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Stahlke Bus Service celebrates 70 years
May 18, 2018


DELANO, MN – What started with three buses in 70 years ago has grown to a fleet of more than 40 vehicles operated by more than 40 employees, including five full-time employees.

Dwain and Ruth Stahlke started Stahlke Bus Service out of a Quonset hut on Franklin Avenue in 1948, when they transported about 50 students.

In 1956, the Stahlkes moved the business to a new location on Highway 12 west of Delano. Due to growth of the school district in 1971, Stahlke Bus Service moved to a new location at 5280 County Line Road.

In 1982, the Stahlkes’ daughter and son-in-law, Julie and Mel Bernick, purchased the business. During their ownership, daily ridership grew to more than 2,100 students, including Head Start and special needs students.

Their son, Jay, grew up around the business.

“There are still a few employees who would remember me being little,” he said.

He began working at Stahlke in 2003, and his wife, Rayme, joined him in 2008. They took over the business in 2013.

Jay said it is common for bussing companies to be passed down from generation to generation.

“Either this, or it’s a big company,” he said.

Stahlke is a family business in more ways than one.

“It is a pretty close-knit family,” Rayme said of everyone who works for Stahlke.

“We work side-by-side with all our employees,” Jay added. “We get out and drive. We don’t just sit in the office . . . We all drive. That’s a requirement.”

Employees range in age from young 20s to late 70s.

“The truly diverse group of people that is here is a lot of fun,” Rayme said. “ . . . It’s a fun group to be around.”

They all work together to transport the kids in the community.

“Obviously, the kids are the main reason we’re here,” Rayme said. “Transporting them is what we live for.”

Stahlke works closely with school employees, and vice versa.

“They are an advocate for us, and we are an advocate for them,” Jay said.

That relationship helps Stahlke stem the tide of changes and regulations over the years.

Costs of doing business have increased, with the cost of buses up about 40 percent over the past 15 years.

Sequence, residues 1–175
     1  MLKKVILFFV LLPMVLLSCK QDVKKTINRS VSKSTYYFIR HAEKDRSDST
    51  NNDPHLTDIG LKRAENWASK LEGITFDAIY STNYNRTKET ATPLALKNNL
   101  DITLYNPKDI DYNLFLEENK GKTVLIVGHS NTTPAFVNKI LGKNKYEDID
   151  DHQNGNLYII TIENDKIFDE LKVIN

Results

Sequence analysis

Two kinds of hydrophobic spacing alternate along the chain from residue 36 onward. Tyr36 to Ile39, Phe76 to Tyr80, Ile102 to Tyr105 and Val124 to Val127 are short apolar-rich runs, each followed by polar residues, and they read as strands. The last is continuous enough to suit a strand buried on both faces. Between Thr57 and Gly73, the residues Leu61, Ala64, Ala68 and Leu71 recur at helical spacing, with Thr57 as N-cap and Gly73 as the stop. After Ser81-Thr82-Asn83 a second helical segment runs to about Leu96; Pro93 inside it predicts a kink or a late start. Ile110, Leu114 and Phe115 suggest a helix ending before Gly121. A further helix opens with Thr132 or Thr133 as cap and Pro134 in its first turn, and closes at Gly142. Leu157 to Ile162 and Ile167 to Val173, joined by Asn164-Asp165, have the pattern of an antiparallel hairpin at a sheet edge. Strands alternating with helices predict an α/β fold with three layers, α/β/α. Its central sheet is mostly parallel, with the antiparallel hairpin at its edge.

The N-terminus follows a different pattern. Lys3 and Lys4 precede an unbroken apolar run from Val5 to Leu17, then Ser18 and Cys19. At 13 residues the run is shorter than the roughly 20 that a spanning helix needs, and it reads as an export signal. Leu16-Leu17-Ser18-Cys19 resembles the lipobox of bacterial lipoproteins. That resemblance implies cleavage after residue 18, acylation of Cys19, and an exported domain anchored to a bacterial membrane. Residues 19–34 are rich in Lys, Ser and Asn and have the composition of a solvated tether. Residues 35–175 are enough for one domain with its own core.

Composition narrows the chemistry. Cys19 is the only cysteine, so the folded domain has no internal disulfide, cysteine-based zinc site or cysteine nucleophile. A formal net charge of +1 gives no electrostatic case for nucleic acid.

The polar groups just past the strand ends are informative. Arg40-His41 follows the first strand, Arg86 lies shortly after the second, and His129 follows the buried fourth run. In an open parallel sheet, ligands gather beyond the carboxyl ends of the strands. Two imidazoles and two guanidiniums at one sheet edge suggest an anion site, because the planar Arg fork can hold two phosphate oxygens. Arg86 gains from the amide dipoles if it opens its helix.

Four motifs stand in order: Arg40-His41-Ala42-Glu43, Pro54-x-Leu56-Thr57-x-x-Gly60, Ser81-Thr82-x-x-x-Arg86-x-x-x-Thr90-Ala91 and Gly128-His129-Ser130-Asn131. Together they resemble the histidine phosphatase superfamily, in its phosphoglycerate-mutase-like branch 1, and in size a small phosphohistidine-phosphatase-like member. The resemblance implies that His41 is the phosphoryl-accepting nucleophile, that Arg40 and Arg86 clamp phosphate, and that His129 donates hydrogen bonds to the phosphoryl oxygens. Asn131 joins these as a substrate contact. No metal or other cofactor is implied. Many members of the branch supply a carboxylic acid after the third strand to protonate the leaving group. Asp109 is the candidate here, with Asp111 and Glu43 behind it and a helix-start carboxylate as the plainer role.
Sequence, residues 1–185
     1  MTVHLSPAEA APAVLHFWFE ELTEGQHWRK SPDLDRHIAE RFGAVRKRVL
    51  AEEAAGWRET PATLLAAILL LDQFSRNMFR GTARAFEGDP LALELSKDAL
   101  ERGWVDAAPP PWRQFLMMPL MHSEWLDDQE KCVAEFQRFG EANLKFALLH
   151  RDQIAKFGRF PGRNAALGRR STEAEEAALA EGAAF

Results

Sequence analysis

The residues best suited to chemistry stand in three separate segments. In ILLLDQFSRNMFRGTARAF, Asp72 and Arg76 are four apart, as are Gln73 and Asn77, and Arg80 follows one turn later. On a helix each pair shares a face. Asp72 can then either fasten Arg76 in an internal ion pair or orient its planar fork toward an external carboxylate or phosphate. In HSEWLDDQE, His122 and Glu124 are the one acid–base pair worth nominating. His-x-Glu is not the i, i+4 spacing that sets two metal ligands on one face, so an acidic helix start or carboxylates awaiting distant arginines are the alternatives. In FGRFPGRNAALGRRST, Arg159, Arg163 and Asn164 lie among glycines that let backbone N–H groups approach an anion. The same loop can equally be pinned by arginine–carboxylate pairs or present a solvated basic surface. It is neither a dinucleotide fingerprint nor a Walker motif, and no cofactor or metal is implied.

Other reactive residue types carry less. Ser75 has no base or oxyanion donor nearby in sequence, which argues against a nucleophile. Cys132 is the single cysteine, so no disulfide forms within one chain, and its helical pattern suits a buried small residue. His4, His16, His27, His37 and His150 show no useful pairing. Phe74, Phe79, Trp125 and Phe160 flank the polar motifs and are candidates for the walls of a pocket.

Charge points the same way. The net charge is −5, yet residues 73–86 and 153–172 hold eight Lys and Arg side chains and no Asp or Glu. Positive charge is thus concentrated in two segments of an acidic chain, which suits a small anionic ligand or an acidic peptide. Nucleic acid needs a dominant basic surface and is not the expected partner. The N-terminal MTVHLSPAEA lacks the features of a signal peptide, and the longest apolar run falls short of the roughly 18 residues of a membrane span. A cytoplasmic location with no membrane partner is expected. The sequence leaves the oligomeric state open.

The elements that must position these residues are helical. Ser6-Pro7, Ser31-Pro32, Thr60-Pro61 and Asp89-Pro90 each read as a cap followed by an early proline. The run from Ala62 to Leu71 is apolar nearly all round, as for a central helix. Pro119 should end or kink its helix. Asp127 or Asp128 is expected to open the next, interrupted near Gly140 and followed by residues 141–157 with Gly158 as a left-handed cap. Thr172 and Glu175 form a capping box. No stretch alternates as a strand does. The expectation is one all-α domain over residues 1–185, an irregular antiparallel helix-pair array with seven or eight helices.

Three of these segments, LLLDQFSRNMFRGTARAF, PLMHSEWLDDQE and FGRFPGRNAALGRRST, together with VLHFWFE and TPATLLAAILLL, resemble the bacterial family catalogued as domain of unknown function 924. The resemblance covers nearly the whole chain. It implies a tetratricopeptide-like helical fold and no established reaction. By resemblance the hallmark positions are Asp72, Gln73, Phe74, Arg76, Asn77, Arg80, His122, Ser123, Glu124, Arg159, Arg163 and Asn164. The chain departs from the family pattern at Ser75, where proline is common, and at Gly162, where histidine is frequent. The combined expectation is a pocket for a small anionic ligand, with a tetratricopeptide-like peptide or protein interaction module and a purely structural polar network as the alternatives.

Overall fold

Finding employees is also a challenge.

“It’s a nationwide epidemic of a driver shortage,” Rayme said. “We get most of our drivers from referrals from other drivers; people talking them into it. They end up being the best bus drivers because they know what they’re getting into because they had a friend driving bus.”

“In the current economy, we are always hiring,” Jay added.

Making sure all drivers, including new hires, are trained is a priority.

One longtime driver took her driving test in her own vehicle. Now, driving a bus requires six weeks of training.

That helps prevent serious accidents.

“Traveling 2,000 miles a day, you’re always going to have something happen,” Rayme said.

“It’s all minor stuff, which is pretty common throughout the industry,” Jay added. “I don’t think we’ve ever had significant injuries from any accident. I’m pretty sure there was only one bus that was totaled.”

In addition to their training, drivers take their job very seriously, Rayme said.

She said she believes they all love kids, which is a positive, considering how well they can get to know them over the years.

“If you think about it, if you’re comparing a bus driver and a teacher, the teacher has those kids every day for a school year. If these bus drivers don’t change routes, they can have the same kids from kindergarten through graduation,” Rayme said. “It’s fun for them to watch them grow up and move on.”

Some drivers have also transported multiple generations of the same families.

Drivers, past and present riders, and other community members are invited to celebrate 70 years of Stahlke during an event Saturday at Riverside Commons, located at 10 Bridge Ave. E.

Employees, their significant others, family members, and a few individuals from the bus industry will enjoy a private dinner together.

At 8 p.m., the public is invited to join them and enjoy the celebration, including live music from the Harwood Four from 8 p.m. until midnight.

The celebration is just one example of the Stahlkes interacting with the community. They also support, sponsor, and donate to a number of school- and community-related events and causes.

As Stahlke celebrates 70 years, the Bernicks are eying the future.

They have two daughters, 11-year-old Hanley and 9-year-old Olive.

“We don’t know if they’ll be interested or not,” Rayme said. “It seems every other week, one is interested, and then they’re not. We don’t really know what the future holds.”

“We hope for 20 more years,” Jay concluded. “If the kids want to take it to 100 years, it’s up to them.”

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